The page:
This sandy area is called the Iris Nature Reserve. It’s full of beautiful beach plants and flowers, that grow very well in the sandy dunes. Nearby, we could see the skyscrapers of Netanya. I was really impressed that they kept this little piece of nature in the middle of the city.
We continued through the nature reserve for about 1.3 km, on a trail that overlaps a blue-marked trail, until we reached the beach (7). Then, we continued southward for another 600 meters until we reached Poleg Beach, where there was shade and a restaurant (8). Some of us went to cool down in the sea, while some of us went to get some refreshments in the restaurant. There’s an incredibly fun vibe over there, with nice music and places to sit. Though, the prices for food and drinks are quite high.
When we asked the person behind the counter if it’s allowed to camp on the beach, he said: “If you’re Israel National Trail hikers, you can stay on our deck.” We were happy to accept the offer, as it’s not so fun sleeping in sleeping bags on the sand.
That’s all for now. I wish you a fantastic hike on the Israel National Trail!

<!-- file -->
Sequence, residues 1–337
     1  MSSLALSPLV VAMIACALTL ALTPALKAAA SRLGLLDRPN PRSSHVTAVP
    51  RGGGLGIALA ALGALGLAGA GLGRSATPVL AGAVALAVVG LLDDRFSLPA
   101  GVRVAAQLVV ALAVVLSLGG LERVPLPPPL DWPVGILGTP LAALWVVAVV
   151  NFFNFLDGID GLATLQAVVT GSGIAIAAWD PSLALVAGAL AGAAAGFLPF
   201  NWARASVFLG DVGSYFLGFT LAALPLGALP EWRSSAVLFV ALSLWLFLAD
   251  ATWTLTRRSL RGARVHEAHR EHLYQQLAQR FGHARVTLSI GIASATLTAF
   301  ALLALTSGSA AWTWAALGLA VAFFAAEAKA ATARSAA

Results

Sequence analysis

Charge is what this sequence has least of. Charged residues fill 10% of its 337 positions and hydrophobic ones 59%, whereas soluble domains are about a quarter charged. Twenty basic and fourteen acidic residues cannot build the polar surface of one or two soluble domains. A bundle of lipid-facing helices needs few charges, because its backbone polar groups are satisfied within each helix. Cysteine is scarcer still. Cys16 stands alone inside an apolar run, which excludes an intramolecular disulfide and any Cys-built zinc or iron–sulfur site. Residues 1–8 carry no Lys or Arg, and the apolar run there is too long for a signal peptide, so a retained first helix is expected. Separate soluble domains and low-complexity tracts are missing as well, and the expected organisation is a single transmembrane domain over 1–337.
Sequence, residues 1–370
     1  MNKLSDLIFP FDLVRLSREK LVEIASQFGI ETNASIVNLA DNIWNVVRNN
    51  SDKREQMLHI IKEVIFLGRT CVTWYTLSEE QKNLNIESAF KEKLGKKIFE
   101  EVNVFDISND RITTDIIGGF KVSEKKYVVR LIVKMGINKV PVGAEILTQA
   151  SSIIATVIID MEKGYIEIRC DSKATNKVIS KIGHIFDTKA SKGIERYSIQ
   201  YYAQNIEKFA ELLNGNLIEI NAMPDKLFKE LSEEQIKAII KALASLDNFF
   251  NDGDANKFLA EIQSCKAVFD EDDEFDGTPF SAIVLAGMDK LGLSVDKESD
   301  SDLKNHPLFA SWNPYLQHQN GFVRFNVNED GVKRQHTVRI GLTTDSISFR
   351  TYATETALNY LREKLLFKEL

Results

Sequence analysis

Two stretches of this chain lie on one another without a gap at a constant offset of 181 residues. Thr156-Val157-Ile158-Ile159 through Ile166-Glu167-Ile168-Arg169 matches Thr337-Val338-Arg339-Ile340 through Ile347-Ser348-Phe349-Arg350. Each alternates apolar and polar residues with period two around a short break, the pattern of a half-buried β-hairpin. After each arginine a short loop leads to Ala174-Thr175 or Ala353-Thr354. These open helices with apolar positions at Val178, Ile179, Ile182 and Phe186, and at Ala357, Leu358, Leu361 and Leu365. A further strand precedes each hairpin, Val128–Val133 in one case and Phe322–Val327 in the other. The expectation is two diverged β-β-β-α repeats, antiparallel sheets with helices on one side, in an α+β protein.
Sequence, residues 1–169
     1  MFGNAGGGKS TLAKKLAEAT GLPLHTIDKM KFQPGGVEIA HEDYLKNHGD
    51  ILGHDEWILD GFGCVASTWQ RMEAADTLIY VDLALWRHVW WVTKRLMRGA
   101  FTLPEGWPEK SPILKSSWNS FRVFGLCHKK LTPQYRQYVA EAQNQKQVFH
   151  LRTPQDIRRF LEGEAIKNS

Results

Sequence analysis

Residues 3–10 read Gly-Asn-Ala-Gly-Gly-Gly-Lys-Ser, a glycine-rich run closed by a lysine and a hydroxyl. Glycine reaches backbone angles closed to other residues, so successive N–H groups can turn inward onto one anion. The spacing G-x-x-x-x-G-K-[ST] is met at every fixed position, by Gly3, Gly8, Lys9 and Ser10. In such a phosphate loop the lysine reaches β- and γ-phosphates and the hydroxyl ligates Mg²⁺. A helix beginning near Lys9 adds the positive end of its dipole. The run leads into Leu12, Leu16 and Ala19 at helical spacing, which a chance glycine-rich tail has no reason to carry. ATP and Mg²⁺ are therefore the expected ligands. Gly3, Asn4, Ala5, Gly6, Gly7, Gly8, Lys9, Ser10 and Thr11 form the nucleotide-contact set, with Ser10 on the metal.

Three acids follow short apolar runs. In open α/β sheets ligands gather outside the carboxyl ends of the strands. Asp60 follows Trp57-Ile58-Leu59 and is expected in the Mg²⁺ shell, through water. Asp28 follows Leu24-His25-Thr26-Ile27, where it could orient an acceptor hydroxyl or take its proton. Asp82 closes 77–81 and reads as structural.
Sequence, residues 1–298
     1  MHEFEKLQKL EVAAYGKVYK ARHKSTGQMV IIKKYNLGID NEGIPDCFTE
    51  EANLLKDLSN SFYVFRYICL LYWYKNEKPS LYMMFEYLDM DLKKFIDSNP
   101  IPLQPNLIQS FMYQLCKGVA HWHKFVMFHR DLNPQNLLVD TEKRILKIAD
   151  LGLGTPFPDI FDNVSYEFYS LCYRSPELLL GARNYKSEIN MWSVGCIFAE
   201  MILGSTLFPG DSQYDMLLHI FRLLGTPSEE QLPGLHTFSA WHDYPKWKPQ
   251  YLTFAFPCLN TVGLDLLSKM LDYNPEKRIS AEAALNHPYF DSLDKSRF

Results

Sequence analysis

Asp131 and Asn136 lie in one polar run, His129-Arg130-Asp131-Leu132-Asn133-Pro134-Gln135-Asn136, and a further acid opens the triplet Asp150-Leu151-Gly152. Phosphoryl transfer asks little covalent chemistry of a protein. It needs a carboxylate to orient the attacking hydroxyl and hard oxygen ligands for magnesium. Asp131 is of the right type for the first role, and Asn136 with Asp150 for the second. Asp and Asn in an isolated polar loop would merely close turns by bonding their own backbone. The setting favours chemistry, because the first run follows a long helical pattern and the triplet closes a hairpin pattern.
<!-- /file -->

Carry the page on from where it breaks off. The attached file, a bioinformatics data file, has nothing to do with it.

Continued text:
Continue to the next segment – From Poleg to Herzliya.
If you want to leave the trail after this segment – There aren’t any direct buses from Poleg Beach to Tel Aviv or Jerusalem, so you’ll need to switch somewhere. You will need to enter the neighborhood of Ramat Poleg to catch a bus there. It is a 10 minutes’ walk from the beach. If you want to get to Haifa, you can catch bus number 910 from Udim Junction, which will take you directly to Hof HaCarmel Central Station in Haifa. The Udim Junction station is about 2 km from Poleg Beach.
Get ready for the trail by reading my post – The Israel National Trail: Ultimate Preparation Guide.
And check out previous segments of the Israel National Trail.
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Hiked the trail in November 2020.
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If you need any help with planning this hike, feel free to contact me at [email protected]. I also offer guided hiking tours on several segments of the Israel National Trail.